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We definitely picked up our pace and got out of that area as quickly as we could.

Several sections of the trail further in teased us again with steps. Up and down, up and down.

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I began to despise steps, but I was often reminded of how awesome it was that I was here, healthy, and capable of marching up and down this historic trail, surrounded by so much beauty.

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Right around Pleasant Camp (mile 10.5) Bill and I both ran out of water. So, we stopped and filled up at the river, snacking while we waited for the purification chemicals to do their thing.

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We were already feeling pretty tired by the time we reached Pleasant Camp, but we knew the end was nearby- only 2.5 miles from Sheep Camp, our camp for the night. I was thinking, 2.5 miles? No problem! Um, no. I’m pretty sure these were the longest 2.5 miles ever.  It wasn’t that the terrain was any more challenging than before, I just think we were exhausted and mentally OVER walking.

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In Day 1, we put more miles on our feet with a pack on than our two practice hikes combined (probably not the best idea, btw). I nearly squealed for joy when I saw the sign that we were less than a mile from Sheep Camp.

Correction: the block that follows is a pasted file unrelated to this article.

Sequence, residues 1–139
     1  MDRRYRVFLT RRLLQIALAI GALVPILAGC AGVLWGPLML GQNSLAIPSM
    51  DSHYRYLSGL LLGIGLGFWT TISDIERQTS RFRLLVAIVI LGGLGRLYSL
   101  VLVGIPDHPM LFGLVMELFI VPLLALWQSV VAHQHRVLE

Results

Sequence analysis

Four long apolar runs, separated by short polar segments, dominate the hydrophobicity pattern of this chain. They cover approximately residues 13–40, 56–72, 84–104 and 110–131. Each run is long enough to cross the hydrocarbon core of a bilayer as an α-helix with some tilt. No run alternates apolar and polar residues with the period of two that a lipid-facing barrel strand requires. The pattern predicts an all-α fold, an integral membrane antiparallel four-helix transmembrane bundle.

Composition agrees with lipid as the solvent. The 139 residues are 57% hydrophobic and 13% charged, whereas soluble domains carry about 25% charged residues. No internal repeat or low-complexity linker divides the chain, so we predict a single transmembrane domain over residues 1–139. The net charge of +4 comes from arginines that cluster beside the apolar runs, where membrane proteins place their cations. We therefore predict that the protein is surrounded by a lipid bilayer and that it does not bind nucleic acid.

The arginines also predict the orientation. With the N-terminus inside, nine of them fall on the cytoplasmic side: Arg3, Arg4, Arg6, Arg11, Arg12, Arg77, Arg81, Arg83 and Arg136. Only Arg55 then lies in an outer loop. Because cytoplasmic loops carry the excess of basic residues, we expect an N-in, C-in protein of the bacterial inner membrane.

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Finally, probably a little after 6, maybe closer to 7 (I didn’t wear a watch and I turned my phone off), we arrived in Sheep Camp. We were one of the last people to arrive, followed only (as far as I could tell) by the family we passed back at mile 5.

IMG_2273This wooden platform would be our campsite for the night. Each of the campsites had platforms like this so that campers wouldn’t destroy the vegetation. Bill was able to set up our tent without any major difficulties (phew), and we headed down to the warming shelter/cooking area for dinner. When you camp in bear country, they make it very clear that you sleep and eat in two different places.

Tonight’s menu: Mac N Cheese with summer sausage on the side.

IMG_2279After a long day of hiking, I thought the mac n cheese tasted SO good. Bill was a bit disappointed, since preparing mac n cheese on the trail is a bit different than eating his beloved comfort food at home. We still polished off two boxes and the entire sausage. Hiking makes you hungry!

After dinner, we packed away our food and “smellables” (aka scented toiletries) in a bear bag and put it in the bear locker. We were prepared to string a bear bag up in a tree, but lockers were provided at just about every campsite.

IMG_2287Exhausted, we hit the sack shortly after dinner. It was still fully light out, sunset several hours away. I put on my eye mask and tried to fall asleep. Tomorrow is a big day.





Chilkoot Trail, Getting to the Trailhead

29 07 2013